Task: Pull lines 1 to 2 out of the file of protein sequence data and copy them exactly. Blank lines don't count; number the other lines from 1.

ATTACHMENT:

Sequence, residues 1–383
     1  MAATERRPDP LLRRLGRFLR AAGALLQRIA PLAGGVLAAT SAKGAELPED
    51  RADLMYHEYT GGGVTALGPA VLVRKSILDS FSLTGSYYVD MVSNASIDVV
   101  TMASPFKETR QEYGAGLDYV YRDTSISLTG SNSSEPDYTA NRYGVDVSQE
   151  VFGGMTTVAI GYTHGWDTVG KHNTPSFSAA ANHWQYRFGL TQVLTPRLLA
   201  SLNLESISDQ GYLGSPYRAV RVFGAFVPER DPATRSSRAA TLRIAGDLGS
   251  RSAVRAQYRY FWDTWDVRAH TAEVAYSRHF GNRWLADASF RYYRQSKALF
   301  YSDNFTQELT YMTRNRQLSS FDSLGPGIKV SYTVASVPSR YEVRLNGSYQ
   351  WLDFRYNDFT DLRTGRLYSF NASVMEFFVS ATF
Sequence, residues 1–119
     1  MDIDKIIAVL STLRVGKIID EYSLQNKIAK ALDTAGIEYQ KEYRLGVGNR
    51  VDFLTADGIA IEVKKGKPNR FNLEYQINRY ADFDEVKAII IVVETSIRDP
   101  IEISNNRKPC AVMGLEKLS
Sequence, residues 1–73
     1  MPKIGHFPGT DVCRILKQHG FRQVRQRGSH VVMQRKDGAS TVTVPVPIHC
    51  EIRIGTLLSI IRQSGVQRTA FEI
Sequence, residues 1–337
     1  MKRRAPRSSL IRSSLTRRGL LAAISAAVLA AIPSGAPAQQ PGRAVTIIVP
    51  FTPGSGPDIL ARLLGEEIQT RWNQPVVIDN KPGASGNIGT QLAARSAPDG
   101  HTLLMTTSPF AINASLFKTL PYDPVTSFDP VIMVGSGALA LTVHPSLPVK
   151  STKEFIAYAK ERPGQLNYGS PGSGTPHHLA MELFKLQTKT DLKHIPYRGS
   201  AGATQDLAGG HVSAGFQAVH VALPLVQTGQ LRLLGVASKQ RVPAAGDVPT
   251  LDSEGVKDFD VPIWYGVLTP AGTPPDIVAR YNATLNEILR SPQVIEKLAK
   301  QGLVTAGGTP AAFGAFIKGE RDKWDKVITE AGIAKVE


Sequence, residues 1–383
     1  MAATERRPDP LLRRLGRFLR AAGALLQRIA PLAGGVLAAT SAKGAELPED